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Decisions of the Superior Courts of New South Wales, 1788-1899

Wright v. Fretz [1847] NSWSupC 60

death, proof of, signature, secondary evidence

Supreme Court of New South Wales

Dickinson J., 27 November 1847

Source: Sydney Morning Herald, 1 December 1847, in Supreme Court Collection, Vol. 2, p. 28

WRIGHT v. FRETZ AND ANOTHER.

HIS HONOR Mr. Justice THERRY delivered the following judgment in this case:-

The objection taken to the evidence of several witnesses in this case is, that it is only secondary evidence of the death of one Michael M'Auliffe, an attesting witness to a deed, and that better evidence could be obtained. In ordinary cases, when the individual in question is dead, the secondary evidence becomes admissible is, the usual proof of his burial, the certified extract from the parish registry, and some evidence of identity. But this is not always necessary, sometimes mere affidavits, without the register, have been held sufficient ((Carrington v. Cormack, 2 Simon, 569.) And late decisions show by the cases collected in Gresly on Evidence, p. 178, that where the evidence is not of the first importance, no very strict diligence of search is demanded, particularly when the witness is only required to declare whether he wrote or did not write a signature to a paper produced, and other witnesses can swear to the handwriting. It is not necessary that an attesting witness should be dead to admit secondary evidence of his handwriting. Absence from the country, and instances of less legitimate excuse are to be found which have been deemed sufficient to let in such testimony. The general and reasonable rule is, as stated in Crosby v. Percy, 1 Taunton, p. 365, that when upon fair, serious, and diligent enquiry, an attesting witness is not to be found, evidence of his handwriting is admissible. And so with respect to a person alleged to be deceased, as stated by the Chief Baron in the case of Benson v. Olive, 2 Strange, p. 920, "if proper search or inquiry had been made and no account could be given of him" secondary evidence of his decease should be received. In the present instance such search --- sufficient to show reasonable diligence --- has been made. Inquiries are made by persons who knew M'Auliffe well at the last place where he was known to reside. These inquiries lead these persons to the General Hospital, and the result of the inquiry there is, that a person of that name, who was in the Hospital about 1833 or 1835, about the time he was last seen, died in the Hospital. This is shown by an entry in the books of the Hospital, and the belief of the witnesses on oath that this is the same M'Auliffe with whose handwriting they are acquainted, and that his name attesting the deed is in his handwriting. This in my opinion, then, is such evidence, as in the absence of any imputation of evasion or suggestion of any attempt at unfairness of any kind ought to be received. Whether it is such an inquiry as, in the case of a question of title, would be deemed sufficient evidence of the death of a party is not a question with which I have now to deal, but for the purpose of proof in the present instance, it should not be excluded. The objection, therefore, must be overruled, the evidence received, and the deed admitted to proof.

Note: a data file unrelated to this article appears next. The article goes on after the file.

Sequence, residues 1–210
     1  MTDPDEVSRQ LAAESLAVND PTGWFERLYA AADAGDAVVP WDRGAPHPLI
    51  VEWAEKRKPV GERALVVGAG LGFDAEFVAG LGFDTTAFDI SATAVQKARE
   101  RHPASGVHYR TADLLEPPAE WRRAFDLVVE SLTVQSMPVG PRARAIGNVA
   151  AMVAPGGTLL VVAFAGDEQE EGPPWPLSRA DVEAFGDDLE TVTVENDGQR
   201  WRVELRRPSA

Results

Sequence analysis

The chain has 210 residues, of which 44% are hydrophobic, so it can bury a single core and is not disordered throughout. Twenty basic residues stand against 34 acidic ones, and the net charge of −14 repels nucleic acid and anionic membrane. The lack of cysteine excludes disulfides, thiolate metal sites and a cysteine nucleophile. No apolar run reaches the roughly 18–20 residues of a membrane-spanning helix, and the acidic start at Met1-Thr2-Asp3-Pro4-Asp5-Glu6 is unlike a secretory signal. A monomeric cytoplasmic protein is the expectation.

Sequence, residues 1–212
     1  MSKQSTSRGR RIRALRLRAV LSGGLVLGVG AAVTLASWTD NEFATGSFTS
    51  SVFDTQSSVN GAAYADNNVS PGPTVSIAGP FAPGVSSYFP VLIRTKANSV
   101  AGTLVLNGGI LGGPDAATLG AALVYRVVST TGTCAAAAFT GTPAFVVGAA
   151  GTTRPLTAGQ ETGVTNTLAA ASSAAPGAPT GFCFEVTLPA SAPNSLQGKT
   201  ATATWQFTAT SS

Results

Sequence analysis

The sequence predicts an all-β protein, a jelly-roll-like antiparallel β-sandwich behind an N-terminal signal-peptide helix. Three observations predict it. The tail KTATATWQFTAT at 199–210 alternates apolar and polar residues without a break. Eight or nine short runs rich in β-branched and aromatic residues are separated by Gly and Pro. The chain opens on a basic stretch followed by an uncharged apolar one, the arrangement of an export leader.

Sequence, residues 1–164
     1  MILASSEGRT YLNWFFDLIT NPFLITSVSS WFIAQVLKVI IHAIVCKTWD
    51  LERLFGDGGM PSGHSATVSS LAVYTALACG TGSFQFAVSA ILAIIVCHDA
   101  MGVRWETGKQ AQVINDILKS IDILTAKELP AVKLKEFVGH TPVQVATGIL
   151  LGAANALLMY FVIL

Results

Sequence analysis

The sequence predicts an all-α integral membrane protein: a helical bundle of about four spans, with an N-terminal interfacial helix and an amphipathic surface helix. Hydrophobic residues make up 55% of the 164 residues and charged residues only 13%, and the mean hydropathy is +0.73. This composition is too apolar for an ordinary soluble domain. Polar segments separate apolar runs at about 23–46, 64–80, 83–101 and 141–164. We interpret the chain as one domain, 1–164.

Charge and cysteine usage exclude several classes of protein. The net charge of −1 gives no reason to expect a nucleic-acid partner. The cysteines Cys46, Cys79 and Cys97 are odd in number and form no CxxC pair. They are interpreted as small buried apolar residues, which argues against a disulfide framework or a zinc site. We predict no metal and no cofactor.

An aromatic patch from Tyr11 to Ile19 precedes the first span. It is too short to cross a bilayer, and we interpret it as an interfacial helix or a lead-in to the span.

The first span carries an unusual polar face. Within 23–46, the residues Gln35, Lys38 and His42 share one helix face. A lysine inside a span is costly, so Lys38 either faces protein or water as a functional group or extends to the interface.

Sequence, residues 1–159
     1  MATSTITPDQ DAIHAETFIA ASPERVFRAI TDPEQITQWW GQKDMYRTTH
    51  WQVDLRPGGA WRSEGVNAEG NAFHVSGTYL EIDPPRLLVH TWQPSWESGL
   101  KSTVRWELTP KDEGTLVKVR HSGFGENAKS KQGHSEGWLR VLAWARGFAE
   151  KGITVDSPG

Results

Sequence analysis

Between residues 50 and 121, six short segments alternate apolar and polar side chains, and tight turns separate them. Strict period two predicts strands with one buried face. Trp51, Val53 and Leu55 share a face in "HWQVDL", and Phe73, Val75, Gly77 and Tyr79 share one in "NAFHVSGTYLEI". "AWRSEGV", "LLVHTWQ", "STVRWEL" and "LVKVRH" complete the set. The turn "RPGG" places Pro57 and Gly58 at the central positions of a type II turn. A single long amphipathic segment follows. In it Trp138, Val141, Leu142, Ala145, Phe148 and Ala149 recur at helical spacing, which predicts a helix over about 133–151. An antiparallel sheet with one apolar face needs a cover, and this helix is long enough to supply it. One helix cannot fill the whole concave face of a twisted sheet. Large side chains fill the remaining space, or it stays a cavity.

Published by the Division of Law, Macquarie University